The stars are almost right. Alien creatures out of time and mind have infested our world, making dark packs with national governments that trade sanity-rending secrets for a freehand in human experimentation. At the dawn of the 21st century only one force stands against the vast conspiracies ensnaring America: Delta Green.
Originally begun as a paramilitary group within the U.S. Government dedicated to investigating and combating paranormal phenomenon. Over the years, as certain factions in the government grew more powerful, and began their dread negotiations, Delta Green became a problem. It was officially disbanded, but its leadership realized that the threat was far from over. Now Delta Green has gone underground, fighting the government’s manipulations with a conspiracy of its own. It recruits new members slowly and carefully, picking like-minded, expertly-trained individuals from the United State’s alphabet soup of agencies as well as from the private sector.
Delta Green is a sourcebook for Chaosium’s legendary Call of Cthulhu role-playing game. It combines horror, conspiracy and H.P. Lovecraft’s Cthulhu Mythos in a detailed, well-designed and excellently written 296-page book. The book’s divided into six chapters, the first one giving an overview the campaign, and the subsequent ones detailing its major players. Among these players are the protagonists, Delta Green, allies, like the UFOologists of SaucerWatch, the governmental conspiracy of Majestic-12, and the neo-Nazis comprising Karatechia.
Supplementing these core chapters are nine appendixes that give the sort of fine details — terminology used by intelligence agencies, classifications for security documents, and “top secret” manuscripts — essential for running this sort of campaign. There are also three ready to run adventures (one told in two parts)
Cthulhu with a purpose
The combination of modern-day “gray” alien conspiracies with the 80-year-old Cthulhu mythos insures that Delta Green doesn’t become yet another X-Files rip-off. The book does have some of the feel of the X-Files — particularly the first three seasons, before the series broke down into a muddled morass of contradictory conspiracies.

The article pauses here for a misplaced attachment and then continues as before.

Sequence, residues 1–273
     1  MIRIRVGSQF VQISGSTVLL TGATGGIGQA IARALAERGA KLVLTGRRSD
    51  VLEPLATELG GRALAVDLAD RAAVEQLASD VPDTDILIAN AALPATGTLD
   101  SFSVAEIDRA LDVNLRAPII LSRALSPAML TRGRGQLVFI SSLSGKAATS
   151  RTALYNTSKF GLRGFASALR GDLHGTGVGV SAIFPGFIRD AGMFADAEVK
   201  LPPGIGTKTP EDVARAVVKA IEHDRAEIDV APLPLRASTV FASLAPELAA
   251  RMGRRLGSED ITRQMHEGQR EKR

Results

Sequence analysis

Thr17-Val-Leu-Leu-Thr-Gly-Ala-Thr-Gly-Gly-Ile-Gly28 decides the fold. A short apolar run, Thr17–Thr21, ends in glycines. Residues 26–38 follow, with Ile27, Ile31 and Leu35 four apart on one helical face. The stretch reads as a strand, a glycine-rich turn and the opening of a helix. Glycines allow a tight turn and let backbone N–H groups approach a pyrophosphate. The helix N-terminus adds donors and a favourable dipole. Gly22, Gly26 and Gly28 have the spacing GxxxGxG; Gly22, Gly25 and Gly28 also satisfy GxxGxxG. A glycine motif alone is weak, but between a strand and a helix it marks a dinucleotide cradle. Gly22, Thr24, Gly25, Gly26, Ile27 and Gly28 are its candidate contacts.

It’s the Cthulhu mythos that transforms Delta Green into something more than just a conspiracy re-hash. Much of H.P. Lovecraft’s original fiction took place during the 1920s and involved isolated cultists or madmen dabbling without insanity-inducing aspects of alien, god-like entities. Delta Green logically carries Lovecraft forward to the present day, entangling the mythos into America’s modern psychoses. It’s does far more than just try and shoe-horn Lovecraft’s creations into the Cigarette Smoking Man’s shoes. The Cthulhu mythos was always about two things: secrets that no man was meant to know AND a corruption of all that is good, true and sane in our world.
The rise of moral relativism, the disintegration of the concept of absolute values, the abolishment of reason — all of these things play into the hands of the Mythos. They make humanity malleable and far more agreeable to their corrupting suggestions. The writers’ insight — and what really makes this work — is that they realize that the individuals who created the Heaven’s Gate cult and sacrificed themselves to a comet would gladly offer themselves up to mighty Cthulhu or any of the other ancient monstrosities of Lovecraft’s pantheon.
The authors’ purpose in creating Delta Green was to give Call of Cthulhu purpose. Traditional Cthulhu games are usually geared towards one-shots or short story arcs — the adventurers learn about some mystery, spend some time digging around town for clues and then finally confront the cosmic evil, which they either destroy or are driven insane by (sometimes both). Worse, the characters usually come from a variety of divergent background — there’s no real reason for them to be ëinvestigating’ with each other.
Delta Green gives the game an overriding purpose, and that makes running a campaign considerably easier. Why are the characters together? That’s easy — because they’re members of Delta Green. Why are they going on all these strange missions? Why do new people join their team? Where do they get their funding? Delta Green provides the answers. It makes it easy to organize a long-running game.
A Libertarian Shade of Green
It’s not hard to give Delta Green a libertarian edge. It’s namesake organization is already one that’s fighting an authoritarian enemy that’s betrayed America’s fundamental ideals. They’re fighting for life, liberty and the pursuit of sanity, and who can’t like that? The only question for players is whether or not they want to reveal the secret of the Mythos to the world at large. And then there’s always Delta Green‘s battles against the fascists of Karatechia and the ever popular crusades against mad cultists. Has it ever been so easy to strike a blow for reason?
For those who would rather not play federal agents gone rogue, there’s the independent SaucerWatch organization. Admittedly they have access to a lot less firepower than Delta Green, but it is devoid of government intervention, dedicated to the rational exploration of the supernatural phenomenon, and is privately funded. Think of it as a sort of paranormal Cato Institute.
- Publisher:Pagan Press
- Written by Dennis Detwiller, Adam Scott Glancy and John Tynes
- Buy it from Amazon